From financial services to the automobile industry to even shipping, a fire called disruption is raging in the prairie, and companies are spending billions of dollars to keep it from consuming them.
For example, M&A spending in automotive reached nearly $50 billion in 2015, PricewaterhouseCoopers says, more than three times the level in the prior year, fueled by “the industry’s need for new capabilities,” according to The Wall Street Journal.
Carmakers have been investing in self-driving technology for the past couple of years, mostly in reaction to Google, Tesla, and other industry newcomers. Indeed, the pressure of digitization is forcing companies to “morph” from one industry to another, as Bob Weiler, Oracle executive vice president of global business units, put it in an interview.
Banks and other financial services companies are also spending big time to head off digital disruptors, against the backdrop of a complex regulatory environment and their patchwork of highly customized legacy systems. “CIOs are in a tough spot trying to drive innovation without exposing risk to core systems,” says Rebecca Wettemann, vice president of research at Nucleus Research, in an interview with CIO Journal.
Elsewhere, a team of MIT researchers is working on a concept that could revolutionize urban deliveries: underground vehicles. Although the prototype is nowhere near commercially viable, it’s not unreasonable to think that transportation companies will be taking a hard look at this technology—and perhaps investing in it—before someone from an adjacent industry decides to give it a whirl themselves. Just as the likes of FedEx and UPS have started taking drones more seriously now that Amazon has made noises about using those flying machines for package delivery.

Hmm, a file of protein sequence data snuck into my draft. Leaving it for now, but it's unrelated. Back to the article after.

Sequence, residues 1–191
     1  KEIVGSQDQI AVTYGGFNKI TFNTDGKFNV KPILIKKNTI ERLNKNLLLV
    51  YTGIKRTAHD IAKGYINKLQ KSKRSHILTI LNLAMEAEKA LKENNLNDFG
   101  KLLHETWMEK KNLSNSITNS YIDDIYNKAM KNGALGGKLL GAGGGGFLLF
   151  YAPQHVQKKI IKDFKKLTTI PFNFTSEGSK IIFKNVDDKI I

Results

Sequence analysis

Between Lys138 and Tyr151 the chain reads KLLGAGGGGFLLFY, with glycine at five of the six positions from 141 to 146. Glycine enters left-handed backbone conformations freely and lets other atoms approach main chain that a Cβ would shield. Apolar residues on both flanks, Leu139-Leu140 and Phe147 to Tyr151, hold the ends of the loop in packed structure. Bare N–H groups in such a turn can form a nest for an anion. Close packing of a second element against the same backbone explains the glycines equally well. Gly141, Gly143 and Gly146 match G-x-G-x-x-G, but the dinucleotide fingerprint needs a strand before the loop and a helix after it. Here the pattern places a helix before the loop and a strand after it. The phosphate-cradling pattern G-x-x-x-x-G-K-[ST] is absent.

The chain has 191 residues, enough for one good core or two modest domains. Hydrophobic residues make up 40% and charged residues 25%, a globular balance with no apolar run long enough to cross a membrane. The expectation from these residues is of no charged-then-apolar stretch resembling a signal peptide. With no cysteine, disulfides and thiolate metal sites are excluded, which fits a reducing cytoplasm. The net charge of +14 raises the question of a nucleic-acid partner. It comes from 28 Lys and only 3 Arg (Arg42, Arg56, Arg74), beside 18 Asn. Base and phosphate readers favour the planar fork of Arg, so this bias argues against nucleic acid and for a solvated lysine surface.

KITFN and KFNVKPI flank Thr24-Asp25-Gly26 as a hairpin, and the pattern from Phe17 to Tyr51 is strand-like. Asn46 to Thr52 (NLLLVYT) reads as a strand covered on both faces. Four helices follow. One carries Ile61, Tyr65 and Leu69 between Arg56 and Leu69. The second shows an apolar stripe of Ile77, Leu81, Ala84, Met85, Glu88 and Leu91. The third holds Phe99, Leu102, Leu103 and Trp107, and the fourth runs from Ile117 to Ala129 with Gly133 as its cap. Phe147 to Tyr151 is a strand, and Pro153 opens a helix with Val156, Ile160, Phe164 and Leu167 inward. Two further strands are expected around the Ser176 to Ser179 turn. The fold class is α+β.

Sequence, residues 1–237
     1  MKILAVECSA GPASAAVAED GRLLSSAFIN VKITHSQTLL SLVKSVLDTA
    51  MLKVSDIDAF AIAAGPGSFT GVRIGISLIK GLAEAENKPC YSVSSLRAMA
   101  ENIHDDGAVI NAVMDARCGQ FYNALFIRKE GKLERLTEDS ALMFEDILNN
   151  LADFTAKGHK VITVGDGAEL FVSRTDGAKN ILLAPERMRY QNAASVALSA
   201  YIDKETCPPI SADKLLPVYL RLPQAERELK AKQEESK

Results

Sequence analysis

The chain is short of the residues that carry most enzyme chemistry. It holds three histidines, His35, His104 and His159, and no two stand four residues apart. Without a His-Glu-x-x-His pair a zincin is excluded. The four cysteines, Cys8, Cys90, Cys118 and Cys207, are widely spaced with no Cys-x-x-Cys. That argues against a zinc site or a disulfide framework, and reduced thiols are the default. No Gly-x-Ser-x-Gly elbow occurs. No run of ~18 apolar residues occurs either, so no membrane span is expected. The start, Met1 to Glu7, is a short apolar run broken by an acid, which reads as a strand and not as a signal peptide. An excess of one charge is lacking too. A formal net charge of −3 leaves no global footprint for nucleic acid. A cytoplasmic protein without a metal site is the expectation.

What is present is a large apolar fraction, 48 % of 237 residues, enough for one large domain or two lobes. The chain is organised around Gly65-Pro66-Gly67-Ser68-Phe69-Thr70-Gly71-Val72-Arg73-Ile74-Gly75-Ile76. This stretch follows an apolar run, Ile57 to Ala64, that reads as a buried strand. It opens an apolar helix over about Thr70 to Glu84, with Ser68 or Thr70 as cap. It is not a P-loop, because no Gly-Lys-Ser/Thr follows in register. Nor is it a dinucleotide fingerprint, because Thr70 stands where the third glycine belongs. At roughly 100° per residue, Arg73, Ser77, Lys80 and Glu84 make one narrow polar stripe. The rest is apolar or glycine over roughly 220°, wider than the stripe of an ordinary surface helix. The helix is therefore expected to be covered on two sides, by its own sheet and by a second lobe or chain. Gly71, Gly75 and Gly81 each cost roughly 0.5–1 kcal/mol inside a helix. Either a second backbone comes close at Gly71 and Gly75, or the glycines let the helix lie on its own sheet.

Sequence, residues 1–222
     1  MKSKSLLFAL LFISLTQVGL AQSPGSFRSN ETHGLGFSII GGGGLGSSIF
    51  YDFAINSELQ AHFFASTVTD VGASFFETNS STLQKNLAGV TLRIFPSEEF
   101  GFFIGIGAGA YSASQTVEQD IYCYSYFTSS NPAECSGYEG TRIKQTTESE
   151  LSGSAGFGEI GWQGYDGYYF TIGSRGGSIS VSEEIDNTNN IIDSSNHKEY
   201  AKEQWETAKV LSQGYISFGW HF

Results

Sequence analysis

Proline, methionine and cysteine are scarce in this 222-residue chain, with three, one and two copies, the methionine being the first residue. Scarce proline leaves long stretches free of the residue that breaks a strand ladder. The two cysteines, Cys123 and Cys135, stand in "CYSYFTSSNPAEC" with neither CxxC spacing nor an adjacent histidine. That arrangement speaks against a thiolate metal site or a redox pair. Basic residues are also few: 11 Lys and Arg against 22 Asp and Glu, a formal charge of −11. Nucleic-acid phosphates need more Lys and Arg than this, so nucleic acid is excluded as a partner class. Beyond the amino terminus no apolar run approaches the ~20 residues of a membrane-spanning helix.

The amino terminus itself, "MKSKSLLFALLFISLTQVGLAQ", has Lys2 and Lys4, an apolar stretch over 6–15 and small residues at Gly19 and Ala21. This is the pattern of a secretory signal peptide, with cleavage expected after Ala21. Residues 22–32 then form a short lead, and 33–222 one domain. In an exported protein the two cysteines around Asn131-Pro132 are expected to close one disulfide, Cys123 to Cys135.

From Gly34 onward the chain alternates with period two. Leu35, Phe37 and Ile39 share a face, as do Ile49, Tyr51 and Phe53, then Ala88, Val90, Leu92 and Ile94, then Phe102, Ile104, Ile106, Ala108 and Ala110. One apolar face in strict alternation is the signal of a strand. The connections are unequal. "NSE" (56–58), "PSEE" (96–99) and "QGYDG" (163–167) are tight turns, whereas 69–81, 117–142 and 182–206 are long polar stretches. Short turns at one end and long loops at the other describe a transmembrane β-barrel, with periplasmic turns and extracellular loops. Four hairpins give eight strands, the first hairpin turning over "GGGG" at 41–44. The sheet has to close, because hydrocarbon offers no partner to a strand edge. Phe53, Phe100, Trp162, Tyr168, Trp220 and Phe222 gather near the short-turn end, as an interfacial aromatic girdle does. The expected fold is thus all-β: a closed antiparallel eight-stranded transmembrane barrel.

The challenge facing most companies, however, is that they don’t have a billion or so dollars lying between the sofa cushions to invest in moonshots. Most of them recognize the danger of digital disruption, but addressing it is another matter.
For many, the way forward is to spend dollars they free up by moving internal applications and systems to the cloud. The cloud can not only be more economical, but it can have inherent business advantages as well, such as giving a restaurant chain the agility to propagate a new menu to tablets at hundreds of locations overnight, letting a retailer change product pricing instantly, and letting a hotel chain’s guests check in and update their loyalty status from their smartphones.
The cloud also allows companies to benefit from the most up-to-date technology without having to wait months or years for the next software upgrade cycle, so they can innovate faster. “The driving force of transformation is the cloud,” Oracle’s Weiler says.
If you’re interested in hearing more on this critical subject, come see Weiler speak at the annual Oracle Industry Connect conference in Orlando, Florida, April 11 to 13.